The Informed Voices Civic Association will be celebrating 10 years of service to Canarsie with a special dinner that’s been a decade in the making.
On November 14, Association members will be gathering at the Empire Buffet Chinese Restaurant, 161-49 Crossbay Boulevard in nearby Howard Beach, Queens (exit 17 on the Belt Parkway) for the celebration. The fun begins at 3 p.m. Tickets are $30.
Anyone wishing to learn more about the dinner can contact 718-877-9100.
Realizing that they’re in danger of losing their music and art therapy programs designed to help autistic children, members of Tender Care Human Services is holding a fund raiser to raise much needed finances as well as awareness.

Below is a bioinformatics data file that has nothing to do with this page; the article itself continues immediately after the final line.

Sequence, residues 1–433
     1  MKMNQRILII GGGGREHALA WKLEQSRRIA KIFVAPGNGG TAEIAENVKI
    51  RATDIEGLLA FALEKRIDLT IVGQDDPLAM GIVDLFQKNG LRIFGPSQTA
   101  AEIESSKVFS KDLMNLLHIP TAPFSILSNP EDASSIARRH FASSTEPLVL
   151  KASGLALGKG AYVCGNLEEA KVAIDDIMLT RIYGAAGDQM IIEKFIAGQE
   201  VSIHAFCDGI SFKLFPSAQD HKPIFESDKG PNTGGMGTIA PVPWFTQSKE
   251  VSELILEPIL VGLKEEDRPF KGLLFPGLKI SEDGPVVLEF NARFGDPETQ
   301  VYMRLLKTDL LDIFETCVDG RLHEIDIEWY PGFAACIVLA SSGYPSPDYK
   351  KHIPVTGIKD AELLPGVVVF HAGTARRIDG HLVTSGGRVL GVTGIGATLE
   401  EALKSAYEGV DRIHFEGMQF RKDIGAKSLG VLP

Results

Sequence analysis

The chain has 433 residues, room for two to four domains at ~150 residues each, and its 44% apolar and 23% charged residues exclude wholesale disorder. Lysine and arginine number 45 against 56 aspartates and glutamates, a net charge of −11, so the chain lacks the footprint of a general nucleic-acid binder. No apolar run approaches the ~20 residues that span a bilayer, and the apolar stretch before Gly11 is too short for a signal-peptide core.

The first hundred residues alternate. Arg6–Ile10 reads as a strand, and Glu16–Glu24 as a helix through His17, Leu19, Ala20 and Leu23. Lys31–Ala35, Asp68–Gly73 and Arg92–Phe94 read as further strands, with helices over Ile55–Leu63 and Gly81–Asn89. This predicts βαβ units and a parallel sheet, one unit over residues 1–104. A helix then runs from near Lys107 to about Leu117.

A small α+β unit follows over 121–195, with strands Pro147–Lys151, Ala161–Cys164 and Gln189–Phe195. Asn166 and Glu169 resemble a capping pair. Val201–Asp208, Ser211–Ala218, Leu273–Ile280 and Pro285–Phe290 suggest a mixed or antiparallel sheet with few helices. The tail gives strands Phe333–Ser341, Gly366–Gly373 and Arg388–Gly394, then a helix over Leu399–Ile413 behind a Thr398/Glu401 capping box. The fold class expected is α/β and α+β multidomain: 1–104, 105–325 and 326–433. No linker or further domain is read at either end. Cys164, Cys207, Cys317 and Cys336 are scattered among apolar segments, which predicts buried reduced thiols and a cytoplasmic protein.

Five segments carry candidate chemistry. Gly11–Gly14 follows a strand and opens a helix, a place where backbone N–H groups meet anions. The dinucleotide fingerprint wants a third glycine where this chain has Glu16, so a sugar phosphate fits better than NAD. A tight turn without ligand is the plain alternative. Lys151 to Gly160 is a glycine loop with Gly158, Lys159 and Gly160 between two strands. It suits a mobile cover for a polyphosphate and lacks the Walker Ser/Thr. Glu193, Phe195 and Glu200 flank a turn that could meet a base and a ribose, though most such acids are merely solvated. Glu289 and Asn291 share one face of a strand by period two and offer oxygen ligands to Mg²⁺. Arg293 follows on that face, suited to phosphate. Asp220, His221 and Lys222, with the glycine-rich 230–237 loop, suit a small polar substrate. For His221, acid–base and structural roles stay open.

The fund raiser for the group, which was founded in 2001 by Haitian born and longtime Brooklyn resident Yolanda Vitulli, will take place on Thursday, November 12 from 6 p.m. to 10 p.m. at Boucarou Lounge (64 E. 1st Street in Manhattan). The event will feature live entertainment and prizes.
Tender Care Human Services provides housing assistance, service coordination, case management, parental support and in-home respite in both Brooklyn and Queens. They also provide after-school programs, rehabilitation, and a host of other services with the goal of helping autistic children — as well as adults — reach their potential and lead more productive and independent lives.
For more information, please contact Annette Scalise at 718-526-6125.
To send in tips, e-mail email@example.com attn: Borough Briefs.
©2009 Community Newspaper Group